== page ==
Friday, August 18th, 2017

New technologies changes the way we do business

Posted: Wednesday, October 6, 2010

By PAULA MacVITTIE
CEO, Caldwell VanRiper

This is true for technology services, such as Twitter, Four Square, or Groupon as well as technology platforms like smart phones, iPads and gaming devices hooked to the web. It is impossible to keep up with the speed of change and it can be overwhelming for people who are responsible for marketing their company’s brand or service. How do they talk to their current or potential customers if the playing field keeps changing?

This challenge is not new. In the late 80’s and early 90’s, marketers complained about all of the new cable channels that further fragmented their target audiences and made their job more difficult. After Y2K, marketers were challenged by the introduction of web portals, such as AOL, AltaVista and Yahoo as they fought to capture as many web surfers as possible (no one had yet heard of “Google”). Today, in the era of self publishing with blogs and other social media, there are no less than 100 million websites with unique domains and content—a number that is growing exponentially.

In 1910, Daniel T. Starch, a professor at the University of Wisconsin, noted in his book, The Principles of Advertising, that reading habits have changed due to the increased number of magazines and newspapers published today. Hence more rapid reading and skimming make it harder for an ad to secure attention. So marketers have faced the challenge of rapidly evolving media habits for over a century.

The good news for marketers is that the fundamentals of how we build a brand have not changed even if the way we communicate our brand has. Professor Starch wrote over 100 years ago that the key to successful branding was twofold: first secure attention, then secure persuasion and action. It is not any different today.

The strategies you should employ to create your brand and align it with your business strategies are fairly well documented. Every marketing agency has its own trademarked process, but the components are very similar. The first step is understanding the customer’s needs, the brand’s gaps and opportunities as well as the competition’s. The next step is to create a positioning statement that focuses on your brand’s key point of difference, a target consumer and how your brand can fulfill the consumer’s needs. From there, you can create the brand identity and bring the positioning to life so that you can communicate it to the right people, at the right time and in the right context. This is point in the process where the overwhelming rise of technology can seem daunting to marketers.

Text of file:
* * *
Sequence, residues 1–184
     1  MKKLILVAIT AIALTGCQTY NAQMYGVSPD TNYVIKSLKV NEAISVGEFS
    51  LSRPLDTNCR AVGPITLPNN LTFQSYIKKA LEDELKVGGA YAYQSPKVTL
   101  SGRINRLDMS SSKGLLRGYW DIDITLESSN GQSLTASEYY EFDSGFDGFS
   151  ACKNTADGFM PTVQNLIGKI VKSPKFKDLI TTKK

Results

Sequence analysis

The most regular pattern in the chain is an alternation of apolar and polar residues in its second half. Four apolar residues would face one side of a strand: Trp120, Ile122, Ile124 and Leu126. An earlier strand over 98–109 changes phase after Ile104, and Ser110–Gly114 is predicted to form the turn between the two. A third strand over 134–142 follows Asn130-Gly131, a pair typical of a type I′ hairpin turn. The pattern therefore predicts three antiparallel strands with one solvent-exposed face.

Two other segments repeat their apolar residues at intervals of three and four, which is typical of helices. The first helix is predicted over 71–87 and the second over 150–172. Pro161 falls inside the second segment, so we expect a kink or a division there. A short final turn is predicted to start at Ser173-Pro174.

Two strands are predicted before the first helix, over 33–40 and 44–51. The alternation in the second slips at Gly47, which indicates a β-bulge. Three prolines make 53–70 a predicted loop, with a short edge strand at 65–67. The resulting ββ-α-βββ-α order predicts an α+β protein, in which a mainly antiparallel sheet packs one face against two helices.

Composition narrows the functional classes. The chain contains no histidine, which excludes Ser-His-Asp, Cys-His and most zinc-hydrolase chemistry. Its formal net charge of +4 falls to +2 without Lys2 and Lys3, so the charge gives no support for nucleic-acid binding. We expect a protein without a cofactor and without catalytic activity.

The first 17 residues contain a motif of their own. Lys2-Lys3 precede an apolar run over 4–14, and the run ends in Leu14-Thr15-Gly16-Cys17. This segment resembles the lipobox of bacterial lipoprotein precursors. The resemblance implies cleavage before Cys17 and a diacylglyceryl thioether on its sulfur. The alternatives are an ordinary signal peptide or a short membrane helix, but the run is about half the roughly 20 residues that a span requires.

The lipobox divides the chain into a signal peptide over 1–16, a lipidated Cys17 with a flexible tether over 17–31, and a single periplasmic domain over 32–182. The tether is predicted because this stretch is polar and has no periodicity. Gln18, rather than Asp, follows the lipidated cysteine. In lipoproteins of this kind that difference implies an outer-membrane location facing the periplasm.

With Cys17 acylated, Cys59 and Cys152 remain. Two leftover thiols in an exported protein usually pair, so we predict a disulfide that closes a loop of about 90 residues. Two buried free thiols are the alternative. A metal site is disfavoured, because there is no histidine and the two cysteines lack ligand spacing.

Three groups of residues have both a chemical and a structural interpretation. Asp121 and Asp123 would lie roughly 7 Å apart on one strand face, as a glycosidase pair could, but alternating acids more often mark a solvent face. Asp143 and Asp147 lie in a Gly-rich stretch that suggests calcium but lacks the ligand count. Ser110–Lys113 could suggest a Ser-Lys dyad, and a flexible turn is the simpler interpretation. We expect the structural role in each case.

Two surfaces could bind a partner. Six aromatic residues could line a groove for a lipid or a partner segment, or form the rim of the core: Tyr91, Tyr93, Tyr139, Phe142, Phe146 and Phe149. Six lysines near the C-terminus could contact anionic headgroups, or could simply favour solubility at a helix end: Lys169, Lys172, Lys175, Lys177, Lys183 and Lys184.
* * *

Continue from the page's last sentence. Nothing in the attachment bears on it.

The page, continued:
Successful marketers need to be channel agnostic and find the right levers for their target audience. In the past, marketing and advertising was created in a linear fashion, with a large concept created primarily for television, and then “taken down” for print, direct mail, point of sale or other mediums. Today, marketers must understand the different spheres of influence that impact our target audience before we create the communications plan. There may not be any advertising at all. It may be that peer influence through blogs or case studies is more impactful that print ads. Or it may be a news article or a local meeting that resulted from a media outreach campaign that created “attention and secured persuasion and action” by your target audience. For a few brands, the most relevant context would be to use the newest medium or device possible to establish a leadership or cutting edge position. Most often, it is a combination of several communication platforms that create enough exposure and influence to reach your marketing objectives.

The other challenge for marketers driven by new technology is the size of the space with which they must grab an audience’s attention. Messages that once were created for billboards and the big screen now are ads that are only a hundred pixels wide on a mobile phone. This is where employing a great marketing firm can make the difference. It can be critical to translating your brand message effectively across all mediums and make it relevant to the context in which it appears.

The way we communicate with others will continue to change. There will always be new ways of connecting to people and new devices to make those connections happen. That change is inevitable. But if you stick to the fundamentals of understanding your target audience, its needs and how it can be influenced, then you can cut through the complexity of all new forms of communication and focus on the methods that will be most beneficial for your brand.